Historic Pelham

Presenting the rich history of Pelham, NY in Westchester County: current historical research, descriptions of how to research Pelham history online and genealogy discussions of Pelham families.

Thursday, October 29, 2009

Books of Town Supervisor "Honest John Shinn" Turned Up Short in 1906

More than a century ago, the outgoing Supervisor of the Town of Pelham, John M. Shinn, was embroiled in a nasty dispute that eventually led to litigation.  Questions arose over the Town accounts during his tenure.  Ironically, the Republican Town leader was known as "Honest John" Shinn.  To make matters worse, Shinn was elected to office immediately after Pelham Town Supervisor Sherman Pell forged the Town Clerk's name to $100,000 worth of bonds, sold them to Wall Street Investors and abscounded with the funds reportedly living out his remaining years in South America.

I have written of this matter, and of John Shinn, before.  See, e.g.:

Mon., February 16, 2009:  Outgoing Town of Pelham Supervisor Embroiled in Dispute Over Town Accounts in 1906.

Thurs., October 4, 2007:  Biography of John M. Shinn, Pelham Town Supervisor in Late 19th Century.

Today's posting to the Historic Pelham Blog transcribes yet another newspaper article about the matter.  The text appears below, followed by a citation to its source.

Ex-Supervisor of Pelham's Accounts out $17,971.

The books of ex-Supervisor John M. Shinn of Pelham, for two terms Chairman of the board in Westchester County, and known as 'Honest John,' Pelham's 'Little Giant,' show a shortage of $17,971.37 in his accounts, according to the statement of experts who have been examining them.  The shortage covers a period of eleven years, and is said to be due to bad bookkeeping.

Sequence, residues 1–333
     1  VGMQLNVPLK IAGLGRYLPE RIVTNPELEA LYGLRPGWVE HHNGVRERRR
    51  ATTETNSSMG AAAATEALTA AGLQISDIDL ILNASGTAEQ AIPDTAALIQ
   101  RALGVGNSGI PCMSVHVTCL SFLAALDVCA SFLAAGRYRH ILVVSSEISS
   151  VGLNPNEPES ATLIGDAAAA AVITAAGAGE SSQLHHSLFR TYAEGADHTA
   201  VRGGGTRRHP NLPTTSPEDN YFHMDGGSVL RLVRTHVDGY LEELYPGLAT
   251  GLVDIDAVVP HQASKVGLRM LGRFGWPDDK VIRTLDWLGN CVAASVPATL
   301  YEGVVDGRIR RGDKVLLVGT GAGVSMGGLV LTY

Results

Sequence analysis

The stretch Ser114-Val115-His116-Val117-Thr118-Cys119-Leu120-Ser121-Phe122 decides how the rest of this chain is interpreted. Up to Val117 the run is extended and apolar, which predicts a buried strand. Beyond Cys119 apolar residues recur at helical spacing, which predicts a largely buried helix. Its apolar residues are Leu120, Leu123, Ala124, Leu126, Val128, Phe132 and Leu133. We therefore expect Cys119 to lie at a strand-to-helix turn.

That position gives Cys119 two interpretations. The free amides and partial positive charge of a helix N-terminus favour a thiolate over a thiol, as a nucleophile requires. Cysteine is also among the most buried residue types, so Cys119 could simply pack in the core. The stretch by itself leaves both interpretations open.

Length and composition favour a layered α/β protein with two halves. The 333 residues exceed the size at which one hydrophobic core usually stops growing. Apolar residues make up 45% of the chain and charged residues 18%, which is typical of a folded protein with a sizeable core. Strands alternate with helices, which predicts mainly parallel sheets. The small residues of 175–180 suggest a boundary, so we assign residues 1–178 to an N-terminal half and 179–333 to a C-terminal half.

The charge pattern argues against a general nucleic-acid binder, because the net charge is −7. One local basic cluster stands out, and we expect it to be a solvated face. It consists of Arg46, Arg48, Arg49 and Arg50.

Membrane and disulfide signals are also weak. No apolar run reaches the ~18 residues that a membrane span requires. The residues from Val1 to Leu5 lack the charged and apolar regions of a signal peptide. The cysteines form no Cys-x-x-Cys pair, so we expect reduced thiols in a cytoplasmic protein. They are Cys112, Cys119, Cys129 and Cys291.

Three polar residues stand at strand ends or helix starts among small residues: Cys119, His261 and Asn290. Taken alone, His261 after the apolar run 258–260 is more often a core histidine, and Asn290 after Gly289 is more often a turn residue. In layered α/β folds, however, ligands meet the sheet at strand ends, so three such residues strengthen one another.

Mr. Shinn has turned two of his houses in Pelham Manor over to the New Rochelle Trustee in a joint deed, which will be held to make good the deficiency.

For many years Shinn ran the Republican politics in Pelham.  He started life as a painter and studied at night until he became a school teacher.  He held this place for years.  He was very fond of landscape painting, and some of his works brought him in considerable sums of money.  Not satisfied with this, Shinn studied law, and was admitted to the bar about ten years ago.  When Sherman Pell, Supervisor of Pelham forged the Town Clerk's name to $100,000 worth of bonds and sold them in Wall Street and embarked for South America, John Shinn was chosen at a taxpayers' meeting to fill the office.  Pell is said to have died in South America a few years later, a penniless tramp.  Shinn held the Supervisorship until last Fall, when he was defeated by Louis C. Young, a scenic artist, by 16 votes.  Shinn says that there was no attempt on his part to defraud the taxpayers, and that his shortage is due to careless bookkeeping.  He will reimburse the town for every penny.  No effort will be made to have Shinn indicted.  Republicans and Democrats alike are expressing profound sympathy for Shinn who is very popular in the town."

Source:  "Honest John Shinn" Short, N.Y. Times, Jun. 20, 1906, p. 1, col. 2.

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